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Monday, July 5, 2010

Writing Tips for the Practical-Minded #11: Editing at the Scene of the Crime

What do you do when you finish a book or a story or an article?

If I'm not smack up against a deadline, I turn my attention to another project, even if only for an afternoon.  (And sometimes that project is laundry and vacuuming, because these things tend to get neglected when I'm deep in the flow with my writing.)

When I come back to my project, I usually just read it, front to back.  I'm a compulsive editor, so I do a little twiddling as I go, but I try to keep it to correcting typos and grammatical errors.  Wholesale slicing and dicing can wait till later.  At this point, I need to see my story as a coherent whole for the very first time...and this read-through is a very good way to spot the ways in which the story is not yet coherent, because it is essential that my early editing strategies are directed toward writing a story that makes sense.

Once I feel that the story is near its final form, I begin looking at the way I've told my story.  Today's writing tip is focused on this stage.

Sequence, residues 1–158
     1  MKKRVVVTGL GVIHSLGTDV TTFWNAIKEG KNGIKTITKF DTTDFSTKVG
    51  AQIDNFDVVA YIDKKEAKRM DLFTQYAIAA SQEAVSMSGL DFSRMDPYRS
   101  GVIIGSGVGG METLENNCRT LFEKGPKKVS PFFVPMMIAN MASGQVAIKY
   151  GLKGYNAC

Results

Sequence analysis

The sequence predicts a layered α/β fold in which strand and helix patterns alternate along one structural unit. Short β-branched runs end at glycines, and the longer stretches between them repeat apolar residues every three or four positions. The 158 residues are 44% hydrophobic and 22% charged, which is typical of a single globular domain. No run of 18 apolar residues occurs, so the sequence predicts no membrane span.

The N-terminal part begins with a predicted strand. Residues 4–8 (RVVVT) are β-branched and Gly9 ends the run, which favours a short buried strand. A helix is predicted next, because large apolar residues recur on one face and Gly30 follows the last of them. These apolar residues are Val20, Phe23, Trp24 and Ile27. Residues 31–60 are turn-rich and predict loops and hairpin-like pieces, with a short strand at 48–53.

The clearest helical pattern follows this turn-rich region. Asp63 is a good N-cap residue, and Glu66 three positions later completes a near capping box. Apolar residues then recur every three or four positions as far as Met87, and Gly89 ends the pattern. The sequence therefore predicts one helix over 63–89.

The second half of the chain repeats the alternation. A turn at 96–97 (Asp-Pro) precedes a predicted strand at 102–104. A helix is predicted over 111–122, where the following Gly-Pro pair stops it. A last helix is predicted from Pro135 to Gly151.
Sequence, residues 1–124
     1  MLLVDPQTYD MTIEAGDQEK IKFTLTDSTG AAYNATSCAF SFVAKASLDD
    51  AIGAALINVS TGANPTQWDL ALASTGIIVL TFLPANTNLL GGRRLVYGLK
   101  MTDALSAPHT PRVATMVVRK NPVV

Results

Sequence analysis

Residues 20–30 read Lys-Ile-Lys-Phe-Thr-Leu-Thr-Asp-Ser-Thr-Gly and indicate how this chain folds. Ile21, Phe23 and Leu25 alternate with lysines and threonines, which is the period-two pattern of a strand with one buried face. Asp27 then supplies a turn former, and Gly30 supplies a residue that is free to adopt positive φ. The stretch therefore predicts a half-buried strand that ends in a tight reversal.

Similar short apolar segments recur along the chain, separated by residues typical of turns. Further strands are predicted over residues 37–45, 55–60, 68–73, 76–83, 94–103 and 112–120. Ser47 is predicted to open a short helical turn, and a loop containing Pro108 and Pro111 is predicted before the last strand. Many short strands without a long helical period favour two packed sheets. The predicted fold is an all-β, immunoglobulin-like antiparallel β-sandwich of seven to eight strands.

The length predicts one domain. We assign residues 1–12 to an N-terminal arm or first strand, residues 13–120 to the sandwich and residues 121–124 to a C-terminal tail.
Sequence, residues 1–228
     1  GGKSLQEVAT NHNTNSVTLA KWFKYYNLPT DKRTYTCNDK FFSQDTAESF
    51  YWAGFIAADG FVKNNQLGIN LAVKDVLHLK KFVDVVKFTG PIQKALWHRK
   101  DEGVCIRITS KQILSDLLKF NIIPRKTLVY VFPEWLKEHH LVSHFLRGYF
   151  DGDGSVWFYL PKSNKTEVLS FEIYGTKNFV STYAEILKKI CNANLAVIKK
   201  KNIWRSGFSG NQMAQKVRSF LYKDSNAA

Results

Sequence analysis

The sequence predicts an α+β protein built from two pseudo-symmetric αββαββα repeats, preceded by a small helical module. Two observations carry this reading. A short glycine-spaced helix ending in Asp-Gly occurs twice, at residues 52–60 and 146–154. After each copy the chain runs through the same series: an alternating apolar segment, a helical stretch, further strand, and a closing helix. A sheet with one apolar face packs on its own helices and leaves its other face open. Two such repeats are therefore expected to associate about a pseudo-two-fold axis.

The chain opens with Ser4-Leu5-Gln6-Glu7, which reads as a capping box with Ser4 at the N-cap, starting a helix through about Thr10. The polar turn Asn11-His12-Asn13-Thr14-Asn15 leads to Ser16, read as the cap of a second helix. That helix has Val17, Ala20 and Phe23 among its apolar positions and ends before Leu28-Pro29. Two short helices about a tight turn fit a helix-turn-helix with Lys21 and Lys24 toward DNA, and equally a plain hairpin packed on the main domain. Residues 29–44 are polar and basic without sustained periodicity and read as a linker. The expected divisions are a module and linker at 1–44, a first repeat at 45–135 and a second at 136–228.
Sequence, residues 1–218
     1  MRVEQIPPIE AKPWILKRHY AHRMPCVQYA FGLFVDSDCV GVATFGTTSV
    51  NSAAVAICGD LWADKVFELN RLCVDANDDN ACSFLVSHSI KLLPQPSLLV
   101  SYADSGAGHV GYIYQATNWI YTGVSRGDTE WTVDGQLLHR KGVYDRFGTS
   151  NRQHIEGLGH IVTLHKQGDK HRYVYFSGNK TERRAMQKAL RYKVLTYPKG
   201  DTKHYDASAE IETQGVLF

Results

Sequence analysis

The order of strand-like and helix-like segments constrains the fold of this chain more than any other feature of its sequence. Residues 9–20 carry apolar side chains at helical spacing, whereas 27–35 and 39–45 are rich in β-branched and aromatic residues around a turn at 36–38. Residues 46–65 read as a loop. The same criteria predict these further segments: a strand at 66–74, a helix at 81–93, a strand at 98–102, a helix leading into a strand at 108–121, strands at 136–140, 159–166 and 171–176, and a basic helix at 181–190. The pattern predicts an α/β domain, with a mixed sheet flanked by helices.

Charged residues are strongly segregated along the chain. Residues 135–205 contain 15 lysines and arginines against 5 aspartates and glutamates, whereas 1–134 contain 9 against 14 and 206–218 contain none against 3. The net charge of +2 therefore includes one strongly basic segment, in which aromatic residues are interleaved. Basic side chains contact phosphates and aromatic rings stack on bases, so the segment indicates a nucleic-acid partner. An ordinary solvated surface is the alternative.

Most modern fiction is constructed as a sequence of scenes, each told from a single point-of-view.  A story of a day in the life of a ten-year-old, for example, might consist of a scene at the breakfast table told from the student's point-of-view, then a scene from his mother's point-of-view as she waves good-bye to her son getting on the school bus, then a scene from his morning spelling class and another set in the school cafeteria, both told from his point-of-view.  And so on.

When I'm editing at the scene level, I read the piece with a single goal in mind:  making sure every scene really needs to be there.  I ask myself whether a scene advances the plot or deepens characterization or injects an important sense of realism by improving the reader's perception of the setting.  If a scene that shows our hero eating Rice Krispies does none of those things, then it has to go, no matter how well I described that nutritious breakfast's snap, crackle, and pop.  I'm not really happy unless a scene accomplishes more than one of my goals as a storyteller.

Remember...if a scene serves no function other than to highlight the beauty of your prose, then it doesn't get to stay.  Make your lovely prose work for you.  Make it tell your story!

Happy writing!
Mary Anna

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